I’ve organised events, programmes, tours and educational activities since 2011, curating over 350 events with over 700 poets and artists in 22 countries. My work has been supported by over 30 funding bodies and creative institutions including Arts Council England, Jerwood Charitable Foundation, British Council, Arts Council Wales, Creative Scotland, Conaculta, Creative Ireland, Goethe Institut, Austrian Cultural Forum, Institut Francais & many more. I've been commissioned by institutions including Wellcome Collection, UNESCO, The British Museum and London Bookfair.
My work has become known internationally for it's innovation in the field of live literature. I've tried to expand the notion of what a reading or literary performance might be, pioneer collaboration, commission-based readings, innovative touring programs and building global writers and encouraging fundamentally new, and relevant, ways of writing. I have also curated over 15 exhibitions and developed extended interdisciplinary projects and events in the field of neuroscience and neuroaesthetics for example.
I have four long term projects that define my work. Click the box below to be taken to the relevant website
The Enemies Project is fundamentally about collaboration, The European Poetry Festival celebrates the brilliance of 21st century continental poetry across Europe, Poem Brut explores the potential for new ways of writing through analogue methods and new understandings of the brain and Writers Centre Kingston is Kingston University's literary cultural hub.
I have curated events, workshops and programmes fro festivals, galleries, institutions and arts centres such as Arnolfini, Calvert 22, Tate St Ives, Kettle's Yard, MIMA, Wellcome Collection, UNESCO Edinburgh, Poetry Society, Rose Theatre, London Bookfair, Rich Mix, Lettretage, Southbank Centre, International Anthony Burgess Foundation, Poetry Parnassus, London Literature Festival, NOVA, Ledbury, StanZa, Essex Book Festival, and more.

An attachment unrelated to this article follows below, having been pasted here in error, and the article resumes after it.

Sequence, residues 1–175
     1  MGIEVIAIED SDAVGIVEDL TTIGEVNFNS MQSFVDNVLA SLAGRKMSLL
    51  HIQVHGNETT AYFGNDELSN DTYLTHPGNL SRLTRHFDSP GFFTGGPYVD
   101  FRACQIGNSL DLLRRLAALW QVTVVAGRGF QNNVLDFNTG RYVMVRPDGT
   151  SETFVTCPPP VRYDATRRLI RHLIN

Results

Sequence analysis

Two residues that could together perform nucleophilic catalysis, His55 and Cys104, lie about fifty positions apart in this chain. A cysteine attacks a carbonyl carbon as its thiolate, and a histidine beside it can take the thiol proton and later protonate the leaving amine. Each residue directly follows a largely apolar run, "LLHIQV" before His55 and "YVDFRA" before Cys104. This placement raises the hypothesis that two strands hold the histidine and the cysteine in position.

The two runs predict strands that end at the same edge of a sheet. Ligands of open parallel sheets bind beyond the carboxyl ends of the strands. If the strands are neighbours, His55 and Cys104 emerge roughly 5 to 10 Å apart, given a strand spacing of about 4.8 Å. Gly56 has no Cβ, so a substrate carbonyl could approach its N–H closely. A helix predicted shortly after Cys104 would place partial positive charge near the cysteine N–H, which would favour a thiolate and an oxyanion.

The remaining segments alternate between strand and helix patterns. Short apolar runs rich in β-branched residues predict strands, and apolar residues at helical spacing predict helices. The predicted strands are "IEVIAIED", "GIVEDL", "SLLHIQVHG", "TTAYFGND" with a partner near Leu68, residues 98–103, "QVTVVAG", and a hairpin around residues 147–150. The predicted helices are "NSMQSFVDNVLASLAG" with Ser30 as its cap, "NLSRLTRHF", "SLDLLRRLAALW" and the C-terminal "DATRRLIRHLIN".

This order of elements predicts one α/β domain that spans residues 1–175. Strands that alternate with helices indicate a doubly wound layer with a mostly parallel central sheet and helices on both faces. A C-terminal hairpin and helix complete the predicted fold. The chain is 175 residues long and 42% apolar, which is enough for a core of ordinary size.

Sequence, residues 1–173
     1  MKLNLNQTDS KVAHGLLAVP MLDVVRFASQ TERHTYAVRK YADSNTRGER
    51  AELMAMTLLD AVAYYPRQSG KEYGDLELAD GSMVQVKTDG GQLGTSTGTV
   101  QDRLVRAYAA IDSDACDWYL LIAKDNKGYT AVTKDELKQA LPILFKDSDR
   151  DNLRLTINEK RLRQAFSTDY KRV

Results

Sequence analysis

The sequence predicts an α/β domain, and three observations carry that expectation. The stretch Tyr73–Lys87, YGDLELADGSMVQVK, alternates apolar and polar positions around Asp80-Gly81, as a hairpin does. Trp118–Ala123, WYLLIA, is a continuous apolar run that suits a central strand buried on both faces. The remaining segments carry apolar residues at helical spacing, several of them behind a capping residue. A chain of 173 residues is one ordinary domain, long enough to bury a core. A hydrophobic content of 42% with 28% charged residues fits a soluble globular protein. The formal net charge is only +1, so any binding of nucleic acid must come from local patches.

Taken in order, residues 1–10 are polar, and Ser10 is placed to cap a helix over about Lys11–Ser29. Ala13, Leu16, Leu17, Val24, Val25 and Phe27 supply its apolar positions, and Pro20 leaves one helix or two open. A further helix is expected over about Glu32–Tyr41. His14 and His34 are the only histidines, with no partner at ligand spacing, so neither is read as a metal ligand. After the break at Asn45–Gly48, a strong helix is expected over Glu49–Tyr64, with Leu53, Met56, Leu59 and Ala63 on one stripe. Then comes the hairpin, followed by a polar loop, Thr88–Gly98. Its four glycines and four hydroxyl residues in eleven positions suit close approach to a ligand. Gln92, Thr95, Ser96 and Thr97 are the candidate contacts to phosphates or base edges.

“It wouldn't be much of an exaggeration to say that SJ Fowler has charged the poetry scene in London (and elsewhere) with a fresh vitality. Since he entered the ring of writing, editing and, particularly, event-organising some years ago, the diverse factions that poetry habitually splinters into seem to have converged. The scene(s) have rightened that little bit. It's probably for his relentless curatorial efforts that he is known best - for Steven a worthy and totally alid way to grapple with poetry. The byproduct being that he has created fertile ground for those working under the umbrella of avant-garde and literary writing to begin conversing anew... Steven's nonlinear and outward-looking pproach offers a route out of the insularity typifying much of contemporary poetry, punching a hole through its preciousness. His commitment to collaborative practices is also a way out: out of the poetic ego - as he writes in his introduction to Enemies, "a testament to my refusing to be alone in the creative act." It's also a "record of friendships." Steven refuses to see writing as a way of separating himself from other people, whether these people are fellow artists or readers/audience.”
From an interview with Feliz Lucia Molina for the Huffington Post